I guess it had to do with rights issues but didn't they own I Love Lucy?
I mean, I understand if they wanted to break away from those characters during their vacation hiatus but then again, it all is clearly based on Lucy and Ricky Ricardo.
What was up with that?
At this point, Lucy actually looked younger and prettier in Technicolor than in B&W, which was not always the case with actresses of a certain age.
The film they did a couple years later, "Forever Darling", did not work nearly as well. None of the charm of LLT, and you could almost feel the 2 were fighting for real.....which , by this point, I guess they were. The facade was shattering.
r22, they probably couldn't play the Ricardos because of legal reasons.
Did Madelyn and the 4 Bobs write this, too?
[quote]I guess it had to do with rights issues but didn't they own I Love Lucy?
They owned the physical films which gave them control over the re-distribution rights to "I Love Lucy." But the show was owned by CBS during its initial network run.
But one would think that CBS would be very happy for the publicity and exposure the film gave to the series, no?
It was the other way around, R28. CBS already had a huge hit with I Love Lucy and MGM got the benefit of having two hugely popular TV stars make a movie playing similar characters.
Wasn't this one of the first tests to see if the public would pay to see people they were seeing on the (fairly new) TV, for free ? I seem to remember reading that MGM execs. were very nervous till the box office tally began coming in, and the film was a hit. They really weren't sure.
It was a special triumph for both Lucy AND Desi to go back to MGM to make this film. It was the same studio that had not renewed either of their contracts not even ten years before. Desi was let go when the studio decided to promote Ricardo Montalban and Fernando Lamas over him as the "resident Latin lover" type. Desi had done some good work during the early 40's (such as his death scene in Bataan.) But he was the forgotten man after the war. Lucy had been in some great MGM films, including the Ziegfeld Follies, had been given the "full glamour treatment" and even showed a flair for comedy but the studio never knew exactly what to do with her and even with some roles in A pictures, never became a bankable A list star. So she was let go, seemingly "over the hill." So this return to the studio as the two BIGGEST stars in television was, I am sure, a big "fuck you" to the studio in some ways for them. And they had been friends with Vincente SINCE their Metro days, as well. They were also dear friends with Judy Garland and are both in the footage of the premiere of A Star is Born (released the same year as TLLT) rooting her on and saying how wonderful she was in it.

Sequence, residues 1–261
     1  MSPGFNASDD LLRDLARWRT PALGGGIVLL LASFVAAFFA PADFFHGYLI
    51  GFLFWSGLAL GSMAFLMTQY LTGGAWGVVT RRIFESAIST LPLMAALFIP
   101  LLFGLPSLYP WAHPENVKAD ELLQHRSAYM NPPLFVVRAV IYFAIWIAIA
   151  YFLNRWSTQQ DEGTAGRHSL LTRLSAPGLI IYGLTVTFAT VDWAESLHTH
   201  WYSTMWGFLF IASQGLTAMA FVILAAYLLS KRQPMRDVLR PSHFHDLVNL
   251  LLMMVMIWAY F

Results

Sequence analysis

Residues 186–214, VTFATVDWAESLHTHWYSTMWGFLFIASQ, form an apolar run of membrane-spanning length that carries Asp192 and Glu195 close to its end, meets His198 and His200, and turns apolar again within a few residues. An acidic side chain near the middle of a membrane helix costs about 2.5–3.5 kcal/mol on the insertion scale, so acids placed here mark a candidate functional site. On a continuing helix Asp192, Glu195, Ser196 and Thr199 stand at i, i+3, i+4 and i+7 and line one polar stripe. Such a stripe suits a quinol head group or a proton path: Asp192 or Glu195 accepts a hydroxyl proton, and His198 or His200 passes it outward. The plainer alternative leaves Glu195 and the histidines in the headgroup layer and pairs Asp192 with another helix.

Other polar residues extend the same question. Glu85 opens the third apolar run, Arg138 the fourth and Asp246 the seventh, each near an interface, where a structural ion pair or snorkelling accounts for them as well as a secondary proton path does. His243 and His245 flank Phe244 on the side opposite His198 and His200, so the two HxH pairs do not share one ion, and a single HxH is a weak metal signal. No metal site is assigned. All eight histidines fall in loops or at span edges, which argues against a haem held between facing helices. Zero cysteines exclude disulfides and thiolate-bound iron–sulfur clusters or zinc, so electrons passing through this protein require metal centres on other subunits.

Lucille Ball had the most incredible second act in entertainment history.
I love the song "Forever Darling." Desi sings it in one of the ILL episodes, but it has been edited down to almost nothing in the shows we see now.
I recall Liza saying she loved watching this movie being made. She loved Lucy too.
It was Lucy's Act III that was problematic.
R31 You are almost right - it was RKO where Ball, and Arnaz, were under contract, and was the studio they would eventually buy. Lucy was at RKO for many years, before heading to MGM, in 1943, for "Dubarry Was A Lady", where they glammed her up, and first dyed her hair the bright red (for Technicolor) we'd all come to know her by. But the studio didn't really know how to utilize her, and her contract was not renewed 2 years later, and she left the studio to freelance. Arnaz made only 1 film for MGM, 1943's "Bataan", which he was very good in. Otherwise, almost all his films, pre-"Trailer", were for RKO - the studio they bought in 1957, and merged into Desilu Studios. Lucy would buy out Desi's share, in 1962, and 5 years later, would sell the studio to Paramount ( who's Hollywood lot was already adjacent to RKO/Desilu).
R36, both Lucy and Desi were under contract to MGM at the same time and that is what I was referring to. They are both in the famous MGM studio birthday portrait from 1943 and I doubt L.B. would have put them in it without them being under contract. She is in the front row and Desi is in the back. I know they both were at RKO before that. It was during the filming of the RKO film Too Many Girls where they met in 1940.
Desi was so funny in this. Too bad he didn't break away from Lucy and do more stuff.
I like how they named Lucy's character 'Taci'. Probably originally something like 'Daisy' but Desi couldn't pronounce that.